Common finial

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Common finial
Common finial (Polygala vulgaris)

Common finial ( Polygala vulgaris )

Eurosiden I
Order : Fabales (Fabales)
Family : Finial family (Polygalaceae)
Genre : Finials ( polygala )
Type : Common finial
Scientific name
Polygala vulgaris

The Ordinary finial ( Polygala vulgaris ), also ordinary milkwort called, is a plant type from the family of polygalaceae from the genus finials ( Polygala ). The plant genus was named Polygala because it was previously assumed that consumption by cattle would lead to more milk production. So is poly much and gala also comes from the Greek and means milk.

Common finial ( Polygala vulgaris )
Stem base
Foliage leaf
Flower stalk and bract
Ovary and style
Fruit, right anterior wing removed


The common finial is only found in Europe in sparse pine forests, on alternately dry meadows, in coastal dunes, in dwarf shrub heaths and on grassy silicate . It was not infrequently observed at the roadsides. In Germany , the common finial is found scattered in the southern federal states, but rarely in the northern federal states. It is on the red list in Brandenburg , Mecklenburg-Western Pomerania , Schleswig-Holstein , Hamburg , Bremen and Saxony . It occurs in societies of the associations Violion caninae, Mesobromion and the orders Arrhenatheretalia and Molinietalia.


The common finial is a perennial herbaceous plant that reaches heights of only 5 to 25 cm and has a mostly upright stem . It is a hemicryptophyte , so it survives above the earth. Lower leaves are sometimes found in clusters, but they do not form a rosette of leaves . The upper stem leaves are slightly larger than the lower ones and of the same shape. They are always alternating on the stem.

The bracts are not hairy and are no longer than the flower stalks. There are usually more than ten individual flowers in dense racemose inflorescences . The flower buds do not protrude from the tip of the inflorescence. The hermaphrodite flowers are zygomorphic . Each individual flower has petals about 5 to 10 mm long . The color of the corolla varies between blue and purple, only rarely can purple forms appear.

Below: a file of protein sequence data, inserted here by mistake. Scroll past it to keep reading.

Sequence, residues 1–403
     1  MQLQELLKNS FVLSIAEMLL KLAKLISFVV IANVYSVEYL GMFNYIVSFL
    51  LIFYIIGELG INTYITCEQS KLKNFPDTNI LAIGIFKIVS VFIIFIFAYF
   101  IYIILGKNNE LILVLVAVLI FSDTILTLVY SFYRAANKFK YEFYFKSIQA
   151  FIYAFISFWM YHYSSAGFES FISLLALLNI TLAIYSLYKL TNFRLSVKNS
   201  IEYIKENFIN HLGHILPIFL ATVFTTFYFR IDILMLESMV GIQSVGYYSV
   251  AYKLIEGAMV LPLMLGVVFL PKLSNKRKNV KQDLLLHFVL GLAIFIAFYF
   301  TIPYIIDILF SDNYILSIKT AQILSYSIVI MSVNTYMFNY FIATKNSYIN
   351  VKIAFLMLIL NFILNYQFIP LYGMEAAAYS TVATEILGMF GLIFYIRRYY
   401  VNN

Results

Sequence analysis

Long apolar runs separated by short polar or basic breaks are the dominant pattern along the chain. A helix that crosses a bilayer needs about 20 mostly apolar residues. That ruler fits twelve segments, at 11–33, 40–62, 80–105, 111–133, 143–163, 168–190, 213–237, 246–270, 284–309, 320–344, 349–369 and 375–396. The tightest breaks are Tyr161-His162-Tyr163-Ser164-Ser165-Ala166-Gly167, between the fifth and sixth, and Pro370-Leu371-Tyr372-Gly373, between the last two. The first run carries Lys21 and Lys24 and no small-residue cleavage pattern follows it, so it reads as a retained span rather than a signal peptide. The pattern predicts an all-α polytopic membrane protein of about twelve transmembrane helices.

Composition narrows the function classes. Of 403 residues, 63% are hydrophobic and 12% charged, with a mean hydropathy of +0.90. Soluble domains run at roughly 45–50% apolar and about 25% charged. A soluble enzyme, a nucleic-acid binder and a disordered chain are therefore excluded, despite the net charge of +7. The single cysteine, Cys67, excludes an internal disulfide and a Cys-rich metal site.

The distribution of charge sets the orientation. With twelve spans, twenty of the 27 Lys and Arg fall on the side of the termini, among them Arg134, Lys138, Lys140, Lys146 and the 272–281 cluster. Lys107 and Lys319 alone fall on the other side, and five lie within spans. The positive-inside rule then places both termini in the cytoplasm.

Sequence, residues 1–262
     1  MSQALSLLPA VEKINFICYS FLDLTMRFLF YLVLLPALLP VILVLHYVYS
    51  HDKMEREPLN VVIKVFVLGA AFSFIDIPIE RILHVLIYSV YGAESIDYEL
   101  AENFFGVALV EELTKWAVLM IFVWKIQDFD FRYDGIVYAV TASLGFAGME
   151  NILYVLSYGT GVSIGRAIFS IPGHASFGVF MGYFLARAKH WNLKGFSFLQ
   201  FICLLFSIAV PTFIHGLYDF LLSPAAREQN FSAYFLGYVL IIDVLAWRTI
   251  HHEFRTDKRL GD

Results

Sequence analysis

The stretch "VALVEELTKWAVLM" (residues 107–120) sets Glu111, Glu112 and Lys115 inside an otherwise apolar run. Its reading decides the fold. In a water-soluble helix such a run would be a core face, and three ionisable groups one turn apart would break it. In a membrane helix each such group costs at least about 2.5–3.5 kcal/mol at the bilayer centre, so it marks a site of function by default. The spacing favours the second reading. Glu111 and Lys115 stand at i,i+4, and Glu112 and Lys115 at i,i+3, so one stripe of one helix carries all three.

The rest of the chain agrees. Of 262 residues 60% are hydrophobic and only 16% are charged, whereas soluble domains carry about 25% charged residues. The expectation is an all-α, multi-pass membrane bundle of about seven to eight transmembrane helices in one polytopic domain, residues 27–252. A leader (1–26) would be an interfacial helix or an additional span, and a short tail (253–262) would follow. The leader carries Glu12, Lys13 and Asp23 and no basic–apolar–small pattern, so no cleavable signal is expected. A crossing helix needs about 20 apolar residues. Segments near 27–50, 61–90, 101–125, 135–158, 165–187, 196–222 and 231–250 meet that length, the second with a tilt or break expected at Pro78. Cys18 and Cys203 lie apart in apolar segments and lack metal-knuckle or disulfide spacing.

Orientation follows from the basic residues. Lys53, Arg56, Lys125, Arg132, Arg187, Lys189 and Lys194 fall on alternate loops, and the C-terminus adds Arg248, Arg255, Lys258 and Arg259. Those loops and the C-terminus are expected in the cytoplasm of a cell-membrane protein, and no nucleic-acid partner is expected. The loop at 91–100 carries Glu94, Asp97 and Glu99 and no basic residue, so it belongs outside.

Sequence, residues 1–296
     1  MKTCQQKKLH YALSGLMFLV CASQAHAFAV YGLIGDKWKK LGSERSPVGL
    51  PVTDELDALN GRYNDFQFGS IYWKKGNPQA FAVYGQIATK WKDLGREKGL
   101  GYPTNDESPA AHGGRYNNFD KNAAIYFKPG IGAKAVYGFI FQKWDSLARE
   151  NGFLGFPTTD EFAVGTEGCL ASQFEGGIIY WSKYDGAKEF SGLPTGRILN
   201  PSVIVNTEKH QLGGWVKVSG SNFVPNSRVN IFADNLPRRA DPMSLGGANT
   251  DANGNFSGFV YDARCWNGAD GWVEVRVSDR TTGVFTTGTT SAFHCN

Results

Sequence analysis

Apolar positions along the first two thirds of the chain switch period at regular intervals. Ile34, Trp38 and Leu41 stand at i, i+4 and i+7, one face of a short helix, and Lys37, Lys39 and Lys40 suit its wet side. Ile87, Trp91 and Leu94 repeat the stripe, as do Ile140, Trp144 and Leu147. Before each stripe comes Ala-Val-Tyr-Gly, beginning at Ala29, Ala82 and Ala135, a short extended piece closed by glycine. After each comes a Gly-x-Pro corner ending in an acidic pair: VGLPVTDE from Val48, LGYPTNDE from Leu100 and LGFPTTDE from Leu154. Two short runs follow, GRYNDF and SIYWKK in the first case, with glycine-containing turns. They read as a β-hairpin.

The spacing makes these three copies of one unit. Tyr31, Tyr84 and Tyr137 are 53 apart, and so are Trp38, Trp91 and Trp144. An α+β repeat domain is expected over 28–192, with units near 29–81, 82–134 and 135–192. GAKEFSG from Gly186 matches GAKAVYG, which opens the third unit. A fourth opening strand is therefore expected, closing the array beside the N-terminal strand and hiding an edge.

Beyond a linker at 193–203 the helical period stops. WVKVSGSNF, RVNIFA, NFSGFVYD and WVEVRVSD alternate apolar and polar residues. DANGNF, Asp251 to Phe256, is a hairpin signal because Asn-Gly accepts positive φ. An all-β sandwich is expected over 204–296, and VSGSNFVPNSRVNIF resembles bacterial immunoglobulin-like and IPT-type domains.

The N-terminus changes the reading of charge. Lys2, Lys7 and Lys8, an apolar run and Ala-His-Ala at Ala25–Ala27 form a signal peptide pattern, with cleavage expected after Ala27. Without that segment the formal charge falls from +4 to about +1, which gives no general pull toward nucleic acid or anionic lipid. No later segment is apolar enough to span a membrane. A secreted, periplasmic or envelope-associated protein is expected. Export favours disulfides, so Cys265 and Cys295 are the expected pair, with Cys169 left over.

Of the total of six sepals , the two large lateral ones are colored like petals and envelop almost the entire flower. They are called "wings". The large lower fringed petal is called a boat . It should serve as an approach point for the insects and simplify pollination. Within the flower on the top of the finial has a bivalve bag that holds eight stamens which are four to one another grown, and the fruit leaves surrounds. Two overgrown carpels form the upper ovary . Nectar is only excreted by special nectar glands at the base of the flower, which is why the finial can only be pollinated by relatively long-nosed insects such as bees and butterflies .

The wings are 6 to 9 mm long and 3 to 5 mm wide and only slightly protrude from the ovary. They are rounded at the front and have 6 to 20 net meshes. The shuttle has a small, slashed, multi-lobed appendage at the front. The stylus is just as long as the ovary and ends like a spoon. The stamens are arranged like a ring on it. The sharp scar is very small and sticky.

Two-lobed, two-seeded capsule fruits are formed. The seeds have a toothed aril (seed coat). The plant is a wind spreader. There is also random spread and ant spread .

The species has chromosome number 2n = 68.


The common finial is a hemicryptophyte and stem plant, i.e. i.e., it has no rosette of leaves during flowering.